Emotional Intelligence and Team Development

As a qualitative trait, it’s not on job applications. You won’t find hiring managers asking for it. It’s not on resumes. So why is emotional intelligence trending in the IT industry?

Emotional intelligence is the ability to understand and handle interpersonal relationships with genuine empathy, and is still an enigmatic phenomenon in the IT industry. For example, some IT candidates match a position perfectly “on paper,” yet don’t make the cut after interviews. Companies and startups are listing subtle things like “culture” as their top factors for success – not experience. The industry is changing, and understanding this phenomenon is the key to staying on top.

What does emotional intelligence mean in the IT industry?

Emotional intelligence is becoming a major factor in the creation of IT teams, and more and more companies are paying attention to it every year. This trend is critical to understand for anyone developing a team because EI has been identified as the most substantial success factor in many IT leaders, companies, and entrepreneurs. Statistically speaking, employees with a higher emotional quotient achieve tangibly higher productivity in their workforce, more effective self-management, and closer adherence to company culture. When developing a team,  it’s important to think far beyond the hard skill requirements and channel into the colorful visualization of your company’s future.

Emotional intelligence at your company

Before jumping in further, IT leaders must define the core capabilities needed from their employees in order to realize their vision, values, and strategies. Whether your company has a digital platform that scales an enterprise-level, or an AI tool that is the first to reach all faces of the market, this is probably something you have already given much thought. To do anything monumental, you need a team who is bought into your company’s culture, and whose emotional intelligence will bring new energy and passion to your team. You need to identify the more specific competencies of your ideal fit for your company.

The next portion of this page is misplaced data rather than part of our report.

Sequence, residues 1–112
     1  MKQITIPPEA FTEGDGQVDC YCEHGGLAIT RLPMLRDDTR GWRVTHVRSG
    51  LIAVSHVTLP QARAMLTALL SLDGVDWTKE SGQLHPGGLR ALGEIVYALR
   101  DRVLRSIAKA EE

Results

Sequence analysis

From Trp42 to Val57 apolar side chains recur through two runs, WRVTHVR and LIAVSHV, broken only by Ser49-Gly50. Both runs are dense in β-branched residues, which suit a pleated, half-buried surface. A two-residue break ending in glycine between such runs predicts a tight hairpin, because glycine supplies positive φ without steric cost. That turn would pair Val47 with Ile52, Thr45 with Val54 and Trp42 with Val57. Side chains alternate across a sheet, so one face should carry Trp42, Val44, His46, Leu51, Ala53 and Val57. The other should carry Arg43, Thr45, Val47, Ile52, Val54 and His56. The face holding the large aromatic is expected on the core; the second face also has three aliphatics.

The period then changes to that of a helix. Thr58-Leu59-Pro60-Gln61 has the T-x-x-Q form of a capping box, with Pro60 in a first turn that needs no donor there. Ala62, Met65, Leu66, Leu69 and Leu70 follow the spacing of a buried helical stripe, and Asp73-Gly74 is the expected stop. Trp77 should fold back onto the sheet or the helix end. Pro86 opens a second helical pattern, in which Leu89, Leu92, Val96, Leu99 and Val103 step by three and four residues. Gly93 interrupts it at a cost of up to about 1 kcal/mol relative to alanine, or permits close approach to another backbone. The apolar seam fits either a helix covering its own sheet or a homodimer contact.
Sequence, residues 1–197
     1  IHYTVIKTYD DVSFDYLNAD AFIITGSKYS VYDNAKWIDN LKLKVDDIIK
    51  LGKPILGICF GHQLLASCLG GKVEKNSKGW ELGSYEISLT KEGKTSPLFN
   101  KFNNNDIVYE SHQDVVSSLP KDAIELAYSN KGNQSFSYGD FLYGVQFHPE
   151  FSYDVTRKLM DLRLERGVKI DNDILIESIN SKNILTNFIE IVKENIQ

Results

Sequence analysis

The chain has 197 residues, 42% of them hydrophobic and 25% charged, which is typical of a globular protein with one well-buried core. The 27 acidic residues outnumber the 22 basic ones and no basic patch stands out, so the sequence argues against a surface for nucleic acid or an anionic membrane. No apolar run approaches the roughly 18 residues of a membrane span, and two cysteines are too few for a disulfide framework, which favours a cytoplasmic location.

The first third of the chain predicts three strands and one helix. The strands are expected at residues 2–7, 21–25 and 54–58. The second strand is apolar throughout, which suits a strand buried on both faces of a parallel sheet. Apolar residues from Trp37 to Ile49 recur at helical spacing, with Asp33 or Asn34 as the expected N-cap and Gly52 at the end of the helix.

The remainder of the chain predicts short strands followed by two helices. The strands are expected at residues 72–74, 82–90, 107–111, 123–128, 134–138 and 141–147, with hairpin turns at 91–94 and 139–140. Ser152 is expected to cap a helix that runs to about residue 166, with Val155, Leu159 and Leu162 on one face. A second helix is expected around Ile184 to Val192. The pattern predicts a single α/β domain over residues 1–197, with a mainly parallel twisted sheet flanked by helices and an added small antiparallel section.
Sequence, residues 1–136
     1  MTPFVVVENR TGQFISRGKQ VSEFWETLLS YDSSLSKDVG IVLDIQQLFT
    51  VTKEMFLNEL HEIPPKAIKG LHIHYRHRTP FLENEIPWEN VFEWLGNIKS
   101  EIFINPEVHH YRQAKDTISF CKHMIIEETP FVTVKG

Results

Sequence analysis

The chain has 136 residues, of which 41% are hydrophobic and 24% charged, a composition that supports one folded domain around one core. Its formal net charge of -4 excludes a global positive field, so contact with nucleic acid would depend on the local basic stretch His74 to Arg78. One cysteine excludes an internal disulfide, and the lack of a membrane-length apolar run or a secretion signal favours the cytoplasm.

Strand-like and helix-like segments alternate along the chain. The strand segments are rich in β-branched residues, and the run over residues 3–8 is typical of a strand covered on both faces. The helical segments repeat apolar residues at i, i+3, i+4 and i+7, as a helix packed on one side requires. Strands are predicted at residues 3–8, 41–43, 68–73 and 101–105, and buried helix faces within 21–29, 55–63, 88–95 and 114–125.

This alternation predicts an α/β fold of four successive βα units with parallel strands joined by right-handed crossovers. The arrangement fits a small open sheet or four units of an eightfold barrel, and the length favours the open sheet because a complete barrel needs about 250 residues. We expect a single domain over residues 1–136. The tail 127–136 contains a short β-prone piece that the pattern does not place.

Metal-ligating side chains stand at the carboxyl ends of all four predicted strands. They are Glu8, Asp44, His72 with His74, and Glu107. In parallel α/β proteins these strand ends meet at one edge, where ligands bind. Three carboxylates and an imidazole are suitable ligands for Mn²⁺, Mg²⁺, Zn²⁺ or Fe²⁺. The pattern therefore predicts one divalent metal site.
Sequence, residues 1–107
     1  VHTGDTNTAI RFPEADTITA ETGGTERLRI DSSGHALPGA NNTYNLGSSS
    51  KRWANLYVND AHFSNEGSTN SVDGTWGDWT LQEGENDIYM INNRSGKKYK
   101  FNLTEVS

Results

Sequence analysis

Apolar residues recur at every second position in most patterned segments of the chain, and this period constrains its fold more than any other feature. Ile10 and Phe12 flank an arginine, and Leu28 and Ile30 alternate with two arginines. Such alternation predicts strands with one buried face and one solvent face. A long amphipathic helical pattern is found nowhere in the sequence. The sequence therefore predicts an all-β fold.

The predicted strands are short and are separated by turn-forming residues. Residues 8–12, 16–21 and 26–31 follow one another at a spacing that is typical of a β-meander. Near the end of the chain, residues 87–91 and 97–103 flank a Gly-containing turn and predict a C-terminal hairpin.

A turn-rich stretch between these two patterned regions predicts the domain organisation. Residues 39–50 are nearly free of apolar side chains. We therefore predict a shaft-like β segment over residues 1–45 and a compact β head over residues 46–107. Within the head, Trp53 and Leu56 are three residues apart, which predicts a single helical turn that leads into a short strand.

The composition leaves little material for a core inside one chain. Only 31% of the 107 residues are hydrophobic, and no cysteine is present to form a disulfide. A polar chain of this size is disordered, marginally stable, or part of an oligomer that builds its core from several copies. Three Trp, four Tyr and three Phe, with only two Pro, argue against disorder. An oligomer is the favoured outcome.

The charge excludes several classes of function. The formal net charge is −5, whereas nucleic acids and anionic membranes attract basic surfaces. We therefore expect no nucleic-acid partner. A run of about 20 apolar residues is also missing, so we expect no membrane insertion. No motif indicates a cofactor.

Who is making this change happen?

The qualitative change goes beyond a solitary software engineer or project manager. It’s important to understand the difference between people-centric and process-centric leaders and which skills come from each when identifying this ideal fit. Visualize the role this person will occupy, and what a day in their life will be like. Are they leading teams and using your company values to inspire others? Are they bringing ideas to the table and have a temperament that can resist professional rejection? The possibilities and combinations of skillsets and emotional aptitude are endless, but matching them with your culture in mind will ensure your vision will come to life.

There is so much more to filling a role than bulletpoints in a job description.

I recently did a presentation for the majority of the Business Relationship Managers for the State of Michigan. During the presentation, we touched on the importance of putting your vision on paper. Being mindful of your company vision is vital when determining how to even begin the hiring process. You’re not just hiring an employee with bullet point skills. You’re hiring a dynamic person who will shape the future of your company in their own unique way. “This is eye-opening,” a BRM commented. “I can’t tell you how frustrating it is to sit down and interview 15 candidates and none of them are what I am looking for.”

Fine-tuning the emotional indicators within the hiring process

From company values to bullet points on a job posting, GDI connects the dots and helps companies actualize their vision. 90% of a position’s depth isn’t being addressed when recruiters regard your job posting with the classic ‘keyword-scan.’ We take pride in our ability to position ourselves as your true talent partner, and to see your vision as clearly as you see it through your eyes. We owe all of our success to the deep and meaningful relationships we form with our clients. We meticulously field our candidates for EQ competencies,  as well as technical skills, team dynamics, culture compatibility, and so much more. Having a trusted partner like GDI will lead you to higher talent retention rates, zero false starts, and a greater return of investments. Most importantly, GDI will help you build the dynamic and unique future you have in mind for your company.

Like what you’ve read? Questions or comments? Let me know!

Dakota Bruner
Client Services Manager
GDI Infotech